Both were excellent education. I also spent a year in public high school, and the difference was night and day. The teachers at the private high school were MUCH MUCH better. They knew their subjects better, and were better teachers.

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New Dawn Donating Member (1000+ posts) Send PM | Profile | Ignore Wed Jul-23-08 05:16 PM
Response to Reply #2
3. I went to a cultist school K-12
I do not think that religious schools should be subsidized by the government in any way. Many of these "schools" (like the "Seventh Day Adventist" cult compound that I attended) refuse to even teach science, like evolution.
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aspergris Donating Member (1000+ posts) Send PM | Profile | Ignore Wed Jul-23-08 05:19 PM
Response to Reply #3
4. Note that
this decision does nothing to "subsidize" religious schools.

Scholarships are a primary benefit to the STUDENT. Whether they choose to go to a religious or secular school is their decision, and thus govt. is not engaged in favoring or benefiting religious schools.

It's about choice.

I agree that govt. should not fund private schools - religious or otherwise.

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Political Heretic Donating Member (1000+ posts) Send PM | Profile | Ignore Wed Jul-23-08 07:12 PM
Response to Reply #3
7. k-12 isn't subsidized, and universities are accredited.
If they are accredited that a person should be able to go to whatever accredited university they want, with federal help.

Accreditation should be the tool that keeps out crack pot "bible colleges."

Northwest Nazarene University was ranked one of the top five private colleges in the northwest, and his nursing program beat every college in the state. It was fully accredited.

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Blue_Tires Donating Member (1000+ posts) Send PM | Profile | Ignore Thu Jul-24-08 08:00 AM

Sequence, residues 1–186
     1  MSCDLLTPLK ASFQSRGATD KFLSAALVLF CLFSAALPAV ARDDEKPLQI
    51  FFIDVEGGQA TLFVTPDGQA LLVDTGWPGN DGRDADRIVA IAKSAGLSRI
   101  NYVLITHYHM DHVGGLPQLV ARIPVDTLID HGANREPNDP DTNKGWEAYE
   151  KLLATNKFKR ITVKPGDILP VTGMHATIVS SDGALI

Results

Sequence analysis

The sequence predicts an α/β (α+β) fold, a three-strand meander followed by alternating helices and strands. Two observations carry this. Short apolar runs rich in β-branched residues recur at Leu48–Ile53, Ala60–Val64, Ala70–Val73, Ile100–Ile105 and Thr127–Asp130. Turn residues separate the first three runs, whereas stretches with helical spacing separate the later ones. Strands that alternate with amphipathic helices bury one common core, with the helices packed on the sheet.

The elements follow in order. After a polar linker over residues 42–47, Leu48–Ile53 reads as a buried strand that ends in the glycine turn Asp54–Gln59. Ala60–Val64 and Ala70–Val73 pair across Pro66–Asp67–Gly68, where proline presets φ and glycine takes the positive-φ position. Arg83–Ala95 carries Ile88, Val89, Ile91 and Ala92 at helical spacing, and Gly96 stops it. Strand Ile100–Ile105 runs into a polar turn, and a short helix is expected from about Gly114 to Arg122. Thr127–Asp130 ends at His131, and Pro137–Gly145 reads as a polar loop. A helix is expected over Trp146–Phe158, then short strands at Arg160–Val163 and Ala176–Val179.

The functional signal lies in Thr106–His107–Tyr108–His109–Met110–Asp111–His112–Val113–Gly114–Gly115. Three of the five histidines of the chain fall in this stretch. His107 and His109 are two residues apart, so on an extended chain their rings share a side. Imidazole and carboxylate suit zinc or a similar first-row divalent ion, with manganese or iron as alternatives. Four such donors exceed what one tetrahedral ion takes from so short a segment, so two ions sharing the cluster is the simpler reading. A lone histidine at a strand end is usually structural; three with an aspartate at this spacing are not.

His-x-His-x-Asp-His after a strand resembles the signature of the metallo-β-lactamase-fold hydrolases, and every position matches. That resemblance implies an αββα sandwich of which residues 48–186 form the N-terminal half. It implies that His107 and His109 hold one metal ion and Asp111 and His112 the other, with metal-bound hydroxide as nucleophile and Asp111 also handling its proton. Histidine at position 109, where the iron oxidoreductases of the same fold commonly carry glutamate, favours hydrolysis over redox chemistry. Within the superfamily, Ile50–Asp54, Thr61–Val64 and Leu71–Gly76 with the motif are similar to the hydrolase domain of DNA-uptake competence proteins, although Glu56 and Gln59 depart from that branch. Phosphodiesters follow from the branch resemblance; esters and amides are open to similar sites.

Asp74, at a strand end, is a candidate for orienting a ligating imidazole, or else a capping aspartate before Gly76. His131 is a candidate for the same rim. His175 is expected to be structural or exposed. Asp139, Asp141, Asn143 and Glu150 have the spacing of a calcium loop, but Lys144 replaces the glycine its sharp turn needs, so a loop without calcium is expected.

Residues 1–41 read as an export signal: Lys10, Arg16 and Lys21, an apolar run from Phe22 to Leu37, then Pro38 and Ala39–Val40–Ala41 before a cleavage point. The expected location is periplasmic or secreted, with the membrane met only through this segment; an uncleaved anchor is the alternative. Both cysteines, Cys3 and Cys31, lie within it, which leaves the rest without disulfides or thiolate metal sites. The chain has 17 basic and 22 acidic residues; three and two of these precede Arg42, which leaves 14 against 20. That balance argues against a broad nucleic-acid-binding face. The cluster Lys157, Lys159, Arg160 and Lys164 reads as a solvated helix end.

Response to Reply #1
14. interesting -- my experience was the opposite
i went to a small but well-known private college with deep baptist roots, then a big state university for grad school... it only made me realize i should have done the big state school from the start...
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LiberalFighter Donating Member (1000+ posts) Send PM | Profile | Ignore Wed Jul-23-08 05:45 PM
Response to Original message
5. Solution: Only provide if they attend a Colorado state university/college
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aspergris Donating Member (1000+ posts) Send PM | Profile | Ignore Wed Jul-23-08 05:54 PM
Response to Reply #5
6. How is that a "solution"?
Are you against qualified scholarship winners using their monies at private universities/religious ones?

Why discriminate? Scholarships are for the STUDENT. The locus of the decisionmaking should be them.

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Political Heretic Donating Member (1000+ posts) Send PM | Profile | Ignore Wed Jul-23-08 07:12 PM
Response to Reply #6
8. I completely agree.
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LiberalFighter Donating Member (1000+ posts) Send PM | Profile | Ignore Thu Jul-24-08 07:53 AM
Response to Reply #6
13. Yes I am. If the state is providing the scholarship they should be able
Edited on Thu Jul-24-08 07:55 AM by LiberalFighter
require 1)remain in the state to receive the scholarship 2) attend a state run univesity/college.

As far as the locus of the decision making. The student does get to decide which school within the state system they which to attend.


NO DIFFERENCE from a school providing a scholarship to a student. And their provision that the scholarship is valid only if they attend the school making the offer.